Racing the clockWritten by Shannon Szyperski | | email@example.com
I remember the morning rush of my school days fondly. I’m not sure why. In reality, it was a lot of frantic searching for (or finishing of) homework, last-minute permission slip signing, digging through mom’s change purse for enough silver coins to cover the $1.10 lunch fee and, as I recall, quite a bit of yelling and/or crying. Yes, those were the days.
And now they are the days again. This time, however, I am the pusher instead of the “pushee.” I am the one pushing to get breakfast eaten and teeth brushed and clothes on. I am the one pushing to get to the bus stop on time. I am the one who has to remember that every weekday is now a school day (yes, I kid you not, I sometimes almost forget).
This is not preschool; this is the big league. It’s no longer laughable to have the Szyperskis stumble into class last but not least almost every single morning.
As embarrassing as being consistently late to preschool was, there were always those rewarding mornings when one more minivan pulled into the parking lot after I had completed my drop off. Ha, ha — not last! A victory for the day.
In my defense, I grew up in a race-for-the-last-bell-before-school household. The way we readied the car and hopped in, we were like the Dukes of Hazzard or a NASCAR pit crew. In fact, we had a Buick Century station wagon that only started if we doused the engine in starter fluid prior to take off (I think we may have taken the term “starter fluid” too literally). Our little trick worked for quite awhile until that fateful morning one of us sprayed a little too much.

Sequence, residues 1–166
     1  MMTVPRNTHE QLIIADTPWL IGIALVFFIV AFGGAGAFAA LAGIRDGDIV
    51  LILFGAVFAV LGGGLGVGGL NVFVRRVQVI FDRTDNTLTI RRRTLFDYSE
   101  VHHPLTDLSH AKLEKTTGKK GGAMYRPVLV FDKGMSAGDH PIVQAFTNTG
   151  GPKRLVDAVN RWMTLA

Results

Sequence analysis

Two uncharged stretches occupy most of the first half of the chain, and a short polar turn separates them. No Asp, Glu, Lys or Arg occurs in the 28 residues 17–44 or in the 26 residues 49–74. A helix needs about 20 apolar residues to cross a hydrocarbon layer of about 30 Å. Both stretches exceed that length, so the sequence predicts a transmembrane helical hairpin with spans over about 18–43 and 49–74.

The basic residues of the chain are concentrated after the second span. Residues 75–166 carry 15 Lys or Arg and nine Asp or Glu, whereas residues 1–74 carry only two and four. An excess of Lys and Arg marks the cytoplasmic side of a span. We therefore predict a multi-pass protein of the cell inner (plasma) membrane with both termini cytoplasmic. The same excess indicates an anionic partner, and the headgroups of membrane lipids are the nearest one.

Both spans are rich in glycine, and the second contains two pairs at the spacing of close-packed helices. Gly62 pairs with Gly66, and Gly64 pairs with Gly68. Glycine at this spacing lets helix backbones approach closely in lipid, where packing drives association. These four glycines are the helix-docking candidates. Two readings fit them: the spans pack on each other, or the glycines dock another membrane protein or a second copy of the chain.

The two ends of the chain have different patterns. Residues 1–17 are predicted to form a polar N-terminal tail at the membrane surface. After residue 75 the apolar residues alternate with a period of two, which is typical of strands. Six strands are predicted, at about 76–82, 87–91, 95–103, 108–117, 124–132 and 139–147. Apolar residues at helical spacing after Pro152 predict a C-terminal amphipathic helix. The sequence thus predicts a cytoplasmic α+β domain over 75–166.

We were about half a mile into our mile trek to school before we realized that the car was on fire. No, seriously, it was on fire. We may have made it to school in the knick of time that morning had it not been for the small matter of waiting for the firefighters to remove some sort of flaming filter and stomp the fire out.
The big yellow bus doesn’t wait for emergencies — potty, fire or otherwise. It’s “be there or you’re on your own.” Fortunately, I have two constraints that should keep me from reverting to the tardiness of my younger years and my son’s preschool days. No. 1 is that my son loves the bus. Any missing of the bus would only take away from his enjoyment of kindergarten, and I couldn’t have that on my conscience. No. 2 is that we now only have one car.
I already forgot constraint number two on day number two. As my little man rode off on the bus to his second day of kindergarten, I noticed he wasn’t wearing his all-important bus tag letting everyone know who he is and where he is supposed to be. “I must beat the bus to school!” I thought, and took off running back into the house.
In less than five minutes I had the bus tag, my purse my car keys and a fully dressed little sister in tow and was back outside staring at an empty driveway.
Back in the house once again, I called my mom to see if she’d like to partake in one more frenzied mother/grandmother-to-the-rescue operation for old times’ sake. She really didn’t have a choice considering my “I forgot to send Jack’s bus tag with him” came out in an unexpected sob.
Yes, I might as well have been 10 years old again telling her I forgot my trumpet on band day. It was my mom to the rescue just like the good old days.
I am hoping to improve upon our family legacy of tardiness, forgotten band instruments and IOU lunches. So far, so good. We haven’t missed the bus; the papers have all been signed, and there hasn’t been even a hint of yelling or crying (barring my own during the bus tag affair).
Of course, because I only have one kid in school instead of four, I don’t have to worry about lunches yet, and it’s only been two weeks.
Still, I’m keeping my expectations high and my fingers crossed.
Shannon Szyperski and her husband Michael are raising two children in Sylvania. E-mail her at firstname.lastname@example.org.